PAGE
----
EXCESSIVELY CLEVER? Economics is the rigorous working out of the principle that people respond to incentives. In Discover Your Inner Economist, Tyler Cowen offers Smart Shopping for Metrofexuals, although his subtitle is Use Incentives to Fall in Love, Survive Your Next Meeting, and Motivate Your Dentist. He offers three screens for identifying good economics: can the idea be summarized on a "moderate-sized postcard" (I vote for the 4x6); can the researcher summarize the argument in a way his or her grandmother will grasp it (I believe that's Paul Samuelson's mother-in-law principle); and does the idea cast an odd phenomenon in a new but now self-evident framework, which he calls "the Aha! principle." So far, so standard: there are plenty of other economics books that do this sort of intellectual puzzle solving, and there is disagreement among practitioners about the usefulness of the work, whether in making the field accessible to curious outsiders, or more fun for students, or for developing a research agenda. The cases in Discover Your Inner Economist are more obscure than those in The Economic Naturalist (reviewed here) or The Logic of Life (reviewed here) or The Undercover Economist (reviewed here) or Freakonomics (reviewed here). Perhaps the short form of Book Review No. 47 is Diminishing Returns to Partial-Equilibrium Anomalies.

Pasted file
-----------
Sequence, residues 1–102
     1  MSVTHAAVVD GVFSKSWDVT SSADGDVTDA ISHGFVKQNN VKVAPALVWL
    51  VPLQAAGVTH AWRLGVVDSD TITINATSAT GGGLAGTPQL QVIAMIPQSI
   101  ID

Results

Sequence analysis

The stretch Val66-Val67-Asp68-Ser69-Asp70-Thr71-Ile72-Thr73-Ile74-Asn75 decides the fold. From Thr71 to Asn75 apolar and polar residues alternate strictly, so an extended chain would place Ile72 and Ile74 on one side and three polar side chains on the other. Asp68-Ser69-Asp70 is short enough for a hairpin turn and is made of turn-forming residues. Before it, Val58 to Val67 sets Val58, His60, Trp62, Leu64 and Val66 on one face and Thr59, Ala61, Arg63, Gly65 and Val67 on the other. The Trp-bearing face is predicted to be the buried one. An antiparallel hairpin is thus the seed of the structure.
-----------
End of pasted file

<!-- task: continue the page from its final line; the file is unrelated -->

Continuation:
(Cross-posted to 50 Book Challenge.)

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